• One’s state of happiness or unhappiness colors everything we do. Attitude is everything!

        • Bad moods make the whole world look gloomy, and the opposite is true about good moods!

      • Feel-Good, Do-Good Phenomenon: Happy people are more likely to help others.

      • Subjective Well-Being – Self-perceived happiness or satisfaction with life.

      • People have an undeniable ability to cope and find happiness in life’s circumstances.

        • Bad break-ups

        • Accidents (Christopher Reeve)

  • Adaptation-Level Phenomenon – Our tendency to form judgments (of sounds, lights, income, whatever) relative to a “neutral” level defined by our prior experience.


    • If our current condition, such as our income, goes way up, we’ll initially feel a surge of pleasure, but then “get used to it”.

  • Relative Deprivation – The perception that one is worse off relative to those with whom the individual compares himself.

    • LeBron James thinking himself poor because he’s only looking at Bill Gates and Ted Turner.

    • Latrell Sprewell, NBA Basketball Player, saying he needs to make $8 million/year because he “has to put food on the table for his family.”

  • Predictors of happiness:

    • Engaging in challenging activities, especially if it does not cost a lot!!!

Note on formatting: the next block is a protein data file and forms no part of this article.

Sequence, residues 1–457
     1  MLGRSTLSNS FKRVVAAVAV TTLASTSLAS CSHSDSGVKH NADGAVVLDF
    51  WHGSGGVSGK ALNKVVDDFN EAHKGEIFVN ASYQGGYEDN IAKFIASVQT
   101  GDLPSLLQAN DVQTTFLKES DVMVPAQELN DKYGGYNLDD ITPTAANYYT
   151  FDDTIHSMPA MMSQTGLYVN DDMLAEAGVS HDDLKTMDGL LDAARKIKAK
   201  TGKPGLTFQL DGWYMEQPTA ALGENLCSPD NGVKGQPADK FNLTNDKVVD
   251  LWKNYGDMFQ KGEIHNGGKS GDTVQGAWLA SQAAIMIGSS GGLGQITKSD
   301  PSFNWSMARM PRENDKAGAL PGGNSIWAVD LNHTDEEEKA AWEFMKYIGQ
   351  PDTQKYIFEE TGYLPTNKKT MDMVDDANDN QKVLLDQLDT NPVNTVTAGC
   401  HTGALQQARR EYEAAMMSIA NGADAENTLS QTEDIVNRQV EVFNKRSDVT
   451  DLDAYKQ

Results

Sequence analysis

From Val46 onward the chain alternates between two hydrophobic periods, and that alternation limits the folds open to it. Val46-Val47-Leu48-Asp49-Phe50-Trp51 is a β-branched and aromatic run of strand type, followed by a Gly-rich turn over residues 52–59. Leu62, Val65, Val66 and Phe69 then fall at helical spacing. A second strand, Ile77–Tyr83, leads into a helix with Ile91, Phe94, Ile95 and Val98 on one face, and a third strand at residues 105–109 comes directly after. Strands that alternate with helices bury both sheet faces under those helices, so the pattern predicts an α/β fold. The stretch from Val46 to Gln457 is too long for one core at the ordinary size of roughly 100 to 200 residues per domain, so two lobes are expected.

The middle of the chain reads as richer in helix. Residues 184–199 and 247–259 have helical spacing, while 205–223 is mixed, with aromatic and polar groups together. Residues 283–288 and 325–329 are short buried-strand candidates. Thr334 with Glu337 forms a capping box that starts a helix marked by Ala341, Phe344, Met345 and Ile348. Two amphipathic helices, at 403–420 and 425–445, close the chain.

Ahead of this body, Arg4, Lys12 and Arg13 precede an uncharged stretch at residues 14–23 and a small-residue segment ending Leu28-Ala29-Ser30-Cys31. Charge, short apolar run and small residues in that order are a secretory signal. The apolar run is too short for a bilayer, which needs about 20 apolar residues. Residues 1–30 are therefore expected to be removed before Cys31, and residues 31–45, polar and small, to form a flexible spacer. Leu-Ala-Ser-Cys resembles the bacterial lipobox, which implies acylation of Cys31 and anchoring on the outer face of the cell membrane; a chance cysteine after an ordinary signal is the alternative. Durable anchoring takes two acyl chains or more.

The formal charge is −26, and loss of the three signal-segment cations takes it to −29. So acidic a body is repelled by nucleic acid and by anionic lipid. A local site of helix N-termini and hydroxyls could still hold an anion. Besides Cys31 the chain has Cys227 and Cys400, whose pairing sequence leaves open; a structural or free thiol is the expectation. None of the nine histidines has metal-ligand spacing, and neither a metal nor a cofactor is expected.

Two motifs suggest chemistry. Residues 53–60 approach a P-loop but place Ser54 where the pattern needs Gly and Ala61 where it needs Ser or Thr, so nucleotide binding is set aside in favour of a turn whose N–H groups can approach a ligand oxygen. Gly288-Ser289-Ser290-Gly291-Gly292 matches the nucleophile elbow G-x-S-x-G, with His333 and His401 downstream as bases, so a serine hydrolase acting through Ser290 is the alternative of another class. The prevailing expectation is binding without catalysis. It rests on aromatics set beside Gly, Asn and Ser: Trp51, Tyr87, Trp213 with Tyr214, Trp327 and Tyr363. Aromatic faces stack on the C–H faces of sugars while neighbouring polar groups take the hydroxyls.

• Sleep well

    • Meaningful, religious faith

    • Close friends and satisfying marriage

    • High self-esteem

Ch. 15 – Personality: Your characteristic pattern of thinking, feeling, and acting.

  • Free Association

  • Psychoanalysis

  • Unconscious

  • Preconscious – Information not conscious but retrievable into conscious awareness.

  • Id – Devil on shoulder.

  • Ego – Compromise – Your head in the middle of the devil and angel argument.

  • Superego – Angel on shoulder.

  • Psychosexual Stages

    • Oral Stage (0-18 months) = Pleasure centers on the mouth – sucking, biting, chewing

    • Anal Stage (18-36 months) = Pleasure focuses on bowel and bladder elimination; coping with demands for control.

    • Phallic Stage (3-6 years) = Pleasure zone is the genitals; coping with incestuous sexual feelings.

      • Oedipus Complex

      • Identification Process = Process of incorporating child’s parents’ values with own developing superegos.

    • Latency Stage (6-puberty) = Dormant Sexual Feelings.

    • Genital Stage (puberty on) = Maturation of sexual interests.

  • Fixation = A lingering focus of pleasure-seeking energies at an earlier psychosexual stage, where conflicts were unresolved.

    • Fixation at oral stage may be seen through smoking and/or eating.

  • Defense Mechanisms

    • Repression – Banishing anxiety-arousing thoughts, feeling, and/or memories from consciousness.

    • Regression – Anxiety causes someone to act in a manner consistent with earlier psychosexual stage, such as being afraid and curling up into the fetal position.

    • Reaction Formation – Hating someone and acting, because hate is unacceptable, like you love that person instead. Like with a boss.

    • Projection – “You want her/him, don’t you,” when really it’s you who want her/him.

    • Rationalization – Self-justification as to why eating cotton candy can actually be healthy.

    • Displacement – Boss yells at you, you kick the dog.

    • Sublimation – Aggressive person plays football and turns unacceptable impulses into socially valued skills.